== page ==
Oh, and if you’d like a copy of the sample spreadsheets I used, feel free to download them here.

Rob Collie

Rob Collie

One of the original engineering leaders behind Power BI and Power Pivot during his 14-year career at Microsoft, Rob Collie founded a consulting company in 2013 that is 100% devoted to “the new way forward” made possible by Power BI and its related technologies. Since 2013, PowerPivotPro has rapidly grown to become the leading firm in the industry, pioneering an agile, results-first methodology never before seen in the Business Intelligence space. A sought-after public speaker and author of the #1-selling Power BI book, Rob and his team would like to help you revolutionize your business and your career.

This Post Has 22 Comments
  1. Nice post. I’m a visualization junkie, so I liked this post. #3 was new information, so thanks!

    My favorite is #7 – I can only hope you’ve created some converts so I have to see less workbooks with gridlines still visible in the background. Heh heh.

  2. Great article and I’m looking forward to see more tips on the subject.

    Meanwhile I would like to suggest a general book on UI for the web:
    Designing Interfaces, 2nd Edition
    Patterns for Effective Interaction Design
    By Jenifer Tidwell
    Publisher O’Reilly

    Kind regards,

  3. Great post Dan.

    One thing I might have added: use Styles for your cell formatting. It is a great way to keep you out of trouble regarding the Too many different cell formats error (which I agree is very rare on Excel 2007/2010).
    More so, if you stick to using styles, you’re forced to think about how you want to design your spreadsheet’s look and feel. And once you’re used to them, they are very easy to use.

    1. @JK – I couldn’t agree more. In fact, in the sample spreadsheet I made for this post, the way I did the “less fonts” and “gray text” etc. was through the styles – that makes everything in the book consistent, and much more pleasing to read.

      1. First off, thanks for these tips. Great for those of us who feel stuck in a rut with our spreadsheet designs.

        If I create and use custom styles, what happens if someone takes a tab out of my spreadsheet and copies it to their own spreadsheet? Will the styles (and especially colors) stay as intended?

        1. Ho Yun, you seem to have been left without a reply. Custom styles will copy across to the other workbook, so should stay as you intended.

  4. Great tips, thanks for organizing and relating them. It is so easy to make things look good now (I’m using Excel 2010). Once you start using tables and styles, you never go back.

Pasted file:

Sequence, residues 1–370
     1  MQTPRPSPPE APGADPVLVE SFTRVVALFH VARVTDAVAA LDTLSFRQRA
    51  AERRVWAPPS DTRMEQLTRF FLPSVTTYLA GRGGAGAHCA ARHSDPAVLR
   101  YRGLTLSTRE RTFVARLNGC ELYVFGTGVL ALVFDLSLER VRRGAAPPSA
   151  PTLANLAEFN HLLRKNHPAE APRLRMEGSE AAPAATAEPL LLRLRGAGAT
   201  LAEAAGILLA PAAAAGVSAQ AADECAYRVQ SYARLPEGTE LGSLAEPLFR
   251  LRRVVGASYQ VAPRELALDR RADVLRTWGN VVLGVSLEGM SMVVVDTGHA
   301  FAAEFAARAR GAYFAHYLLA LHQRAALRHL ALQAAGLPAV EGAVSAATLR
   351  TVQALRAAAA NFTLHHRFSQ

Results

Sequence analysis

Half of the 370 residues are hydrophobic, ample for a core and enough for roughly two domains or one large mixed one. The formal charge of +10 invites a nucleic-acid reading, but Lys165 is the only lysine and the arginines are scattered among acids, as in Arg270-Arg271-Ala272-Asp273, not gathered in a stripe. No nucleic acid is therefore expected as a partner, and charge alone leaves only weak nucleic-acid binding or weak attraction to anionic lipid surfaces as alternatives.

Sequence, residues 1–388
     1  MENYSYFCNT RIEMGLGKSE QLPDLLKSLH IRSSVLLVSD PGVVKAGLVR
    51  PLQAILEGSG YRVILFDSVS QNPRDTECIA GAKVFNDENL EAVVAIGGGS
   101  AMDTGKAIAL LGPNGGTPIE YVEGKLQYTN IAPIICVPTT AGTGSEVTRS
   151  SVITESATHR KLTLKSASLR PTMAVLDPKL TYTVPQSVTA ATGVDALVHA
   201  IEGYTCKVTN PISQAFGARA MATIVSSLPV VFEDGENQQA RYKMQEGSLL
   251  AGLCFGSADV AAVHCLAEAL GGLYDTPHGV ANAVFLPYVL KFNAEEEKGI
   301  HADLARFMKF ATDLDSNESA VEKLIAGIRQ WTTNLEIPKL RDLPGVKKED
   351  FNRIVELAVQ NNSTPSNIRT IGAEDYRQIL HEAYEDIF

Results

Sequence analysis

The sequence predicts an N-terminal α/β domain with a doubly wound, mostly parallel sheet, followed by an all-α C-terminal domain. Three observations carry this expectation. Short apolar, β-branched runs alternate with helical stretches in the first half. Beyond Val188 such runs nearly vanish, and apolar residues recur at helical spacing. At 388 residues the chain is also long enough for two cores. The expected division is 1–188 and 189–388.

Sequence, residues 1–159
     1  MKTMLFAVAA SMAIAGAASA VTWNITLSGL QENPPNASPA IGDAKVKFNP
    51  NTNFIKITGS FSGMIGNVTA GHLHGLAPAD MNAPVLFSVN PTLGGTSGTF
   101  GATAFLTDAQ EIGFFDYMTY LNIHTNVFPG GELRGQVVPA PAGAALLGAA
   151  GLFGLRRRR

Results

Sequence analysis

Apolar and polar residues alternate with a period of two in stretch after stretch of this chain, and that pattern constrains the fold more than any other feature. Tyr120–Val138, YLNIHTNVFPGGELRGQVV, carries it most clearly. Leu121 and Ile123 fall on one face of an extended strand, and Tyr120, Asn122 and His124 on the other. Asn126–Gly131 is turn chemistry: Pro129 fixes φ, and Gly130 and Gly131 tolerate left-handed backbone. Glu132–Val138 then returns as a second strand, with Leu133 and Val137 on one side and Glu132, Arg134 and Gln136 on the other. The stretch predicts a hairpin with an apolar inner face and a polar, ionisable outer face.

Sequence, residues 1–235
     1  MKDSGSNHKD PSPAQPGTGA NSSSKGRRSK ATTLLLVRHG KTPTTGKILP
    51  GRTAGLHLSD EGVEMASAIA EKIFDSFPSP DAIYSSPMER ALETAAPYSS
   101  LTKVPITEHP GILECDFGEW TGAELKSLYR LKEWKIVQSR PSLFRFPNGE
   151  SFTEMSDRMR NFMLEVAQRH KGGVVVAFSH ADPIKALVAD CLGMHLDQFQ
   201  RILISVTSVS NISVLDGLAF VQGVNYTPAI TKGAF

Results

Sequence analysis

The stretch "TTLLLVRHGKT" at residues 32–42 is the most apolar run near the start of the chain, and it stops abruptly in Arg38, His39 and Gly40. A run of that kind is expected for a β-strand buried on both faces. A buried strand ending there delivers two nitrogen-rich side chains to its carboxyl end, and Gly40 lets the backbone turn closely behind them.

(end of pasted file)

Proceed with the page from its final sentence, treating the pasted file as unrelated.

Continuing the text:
5. #1 I always do this
    #3 Like you said, “old habits die hard”. I often do the mistake of using merged cells and I already had big problems later when I wanted to work the data and had lot’s of merged cells. I had to change the complete data sheet layout in order to do what I wanted!

  6. For the life of me I cannot fathom why “merged cells” is the default function of that icon in Excel today. I hate those. Leave the functionality in, because it sometimes is the only way to accomplish an effect (you cannot wrap and center across selection simultaneously for example, and a text box doesn’t always work in that situation), but for the love of all things binary, make that icon center across selection by default.

    I actually have a custom icon button in my Quick Access Bar that removes all merged cells for me. I have to use it a lot when receiving files before I can start manipulating them.

    1. “I actually have a custom icon button in my Quick Access Bar that removes all merged cells for me. I have to use it a lot when receiving files before I can start manipulating them.”

      Ed, how did you create such a marvellous and wonderous contraption?

  7. Great post. I was glad to see the “get rid of chart borders” tip. Most Excel users I know want to “box in” everything with heavy black borders.

    I’d add in one more tip. #16) Delete empty sheets!

    As a consumer of spreadsheets from others, I hate checking “Sheet2” and “Sheet3” for data. My default for new workbooks is one sheet only.

    Thanks again,

  8. I like most of the tips, but I do have an issue with #15: when I see a formula that says =SUM(C17:C753) I know exactly which cells the formula is referencing, but when I see =SUM(DataTable[Downloads]), I now have to go to Data Manager to find out where those cells are. It is my strong belief that the best use for named ranges in Excel is for VBA and for referencing external data that’s pulled in by MS Query.

  9. Excellent collection of tips ! I use most of them already – except I am going to exploit the one dot in cell A1 now

    One more point is for printing excel sheets – many a times, people like to print the gridlines and I dont, so before I begin, (Time=0 🙂 ) I ‘select all’ and change background/fill colour to white. I am not sure if this is the best way to do it, as otherwise someone else down in the editing chain selects all and turns on gridlines (eeek) and the file looks shabby again.

    Is there an easy way to prohibit someone from using the dark gridlines on an otherwise ‘nice’ looking sheet?

    Thanks for your advise and guidance.

  10. One last tip:USE SECURITY.

    It is not that I think that my co-workers are dishonest but they sometimes forget to tell you they made changes that can screw up your data. You can make individual cells, sheets or the entire workbook Read-Only and have them send you any updates or changes to be made. If you are responsible for keeping this accurate, why not do this; I did and noticed that the data became a lot more accurate and there were a lot less issues.

  11. I have one question. when I created power pivot table and added back ground color, color is going if I collapse the tree details in power pivot. is there any option to keep the color even after collapsing.

  12. Hi. I really want to know how to change the powerpivot table color from light gray to green (or any other color). Thank you.